The Mystery of the Giant Creature House in Zimbabwe

Great Zimbabwe is a city that dates back to the 11th century around Lake Mutirikwe and Masvingo City. There are giant blocks and various forms of natural carvings caused by wind, rain, heat, and cold. According to folklore there, the 722-hectare place is the playground of giant creatures. The name Zimbabwe itself comes from the Shona language which means big stone house.

The city, which dates back to the Late Iron Age, can accommodate up to 18000 residents. It was built as part of the Gokomere culture which is the ancestor of today's Shona tribe in Zimbabwe. Others say that the city was built by the ancestors of the Lemba or Venda tribes who collaborated with the Gokomere.

the great zimbabwe

Zimbabwe's large territory survived until the 4th century. From the 4th to 7th centuries, the Gokomere or Ziwa people farmed the valley, and mined and made iron tools. But they didn't build stone structures. According to archaeologists, this area dates back to the very old iron age. The Zimbabwean Giant Ruins are the largest structure in Africa and the second oldest after Mapungubwe in South Africa.

Great Zimbabwe was eventually abandoned, with parts of it falling into ruin. However, many structures still stand today, and the site has been recognized as a World Heritage Site by UNESCO. According to some, the most impressive traces of Zimbabwean civilization are the great stone walls. The walls are made of granite, one of the local natural resources collected from the surrounding hills. The large slabs are easily removed, transported, and built, creating an extensive set of walls around the perimeter of the complex.

The ruins of Great Zimbabwe form three distinct architectural groupings, which have been labeled the Hill Complex, the Valley Complex, and the Great Citadel. There is much debate as to the meaning or purpose of the three groups. Some say that each group represents a different king, with new rulers creating new residences when taking power. This would suggest that the focus of power shifted across Greater Zimbabwe over the centuries. Others propose that the groupings are used consistently throughout time.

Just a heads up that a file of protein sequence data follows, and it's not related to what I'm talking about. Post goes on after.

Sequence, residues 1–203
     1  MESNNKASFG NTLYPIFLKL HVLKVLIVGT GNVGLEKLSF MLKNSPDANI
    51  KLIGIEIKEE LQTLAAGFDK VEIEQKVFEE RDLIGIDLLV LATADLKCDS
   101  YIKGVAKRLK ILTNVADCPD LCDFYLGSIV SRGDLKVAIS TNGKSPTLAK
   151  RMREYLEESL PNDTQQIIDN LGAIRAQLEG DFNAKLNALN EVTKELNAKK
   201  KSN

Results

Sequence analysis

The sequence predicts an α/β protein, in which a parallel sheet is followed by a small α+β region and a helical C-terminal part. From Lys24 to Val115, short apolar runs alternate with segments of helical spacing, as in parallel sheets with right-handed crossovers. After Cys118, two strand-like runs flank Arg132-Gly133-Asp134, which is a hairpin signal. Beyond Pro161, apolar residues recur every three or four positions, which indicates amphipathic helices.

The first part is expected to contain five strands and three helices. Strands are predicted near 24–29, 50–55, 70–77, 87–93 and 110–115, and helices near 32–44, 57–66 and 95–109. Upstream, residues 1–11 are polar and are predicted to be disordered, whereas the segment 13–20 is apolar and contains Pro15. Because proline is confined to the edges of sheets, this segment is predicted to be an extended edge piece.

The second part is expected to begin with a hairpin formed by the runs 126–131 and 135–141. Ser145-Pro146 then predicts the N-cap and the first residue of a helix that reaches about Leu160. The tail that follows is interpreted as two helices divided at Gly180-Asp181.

Each of the complexes in Great Zimbabwe had a specific purpose within the community; the Hill Complex may have served as a temple, the Valley Complex was where people lived, and the Great Fort was the home of the king.

Some evidence of the people who inhabited Great Zimbabwe comes from artifacts that have been found in the area, including figurines of powdered-schist stone, pottery, iron gongs, ivory wire, intricate iron and copper work, iron hoes, bronze spearheads, copper ingots, and crucibles, and gold beads, bracelets, pendants, and sarongs.

One of the most famous artifacts found to date is the eight birds of Zimbabwe. The birds are 16 inches tall, carved from talcum powder, and placed on top of a large stone monolith that is about a yard tall. Unfortunately, the birds were not found in situ, so it is unknown where they were when it was built. There are some physical indications that the Zimbabwe Birds were placed on the Eastern Border of the Hill Complex. The birds bear both human and avian features, including lips for a beak, and claws with five fingers. They may have been a symbol of royal presence. The layout of where the birds were located may give insight into where the king or leader lived in Great Zimbabwe.

There is a lot of speculation as to what caused the Great Zimbabwean population to leave, most of which adds to the decline in available resources. Some say it may be due to a decline in trade from the North, or dwindling resources in nearby gold mines. Others cite political unrest, famine, and water shortages due to climate change, which will force residents to move to areas with an abundance of existing resources.

Great Zimbabwe gives us a glimpse into past human civilizations, but it remains a great enigma. Much is still unknown about this ancient site, how it was made, why it was built, how it was used, and why it was abandoned. We may never know the answers to these questions, but we can still marvel at the amazing ruins that gave Zimbabwe its name.

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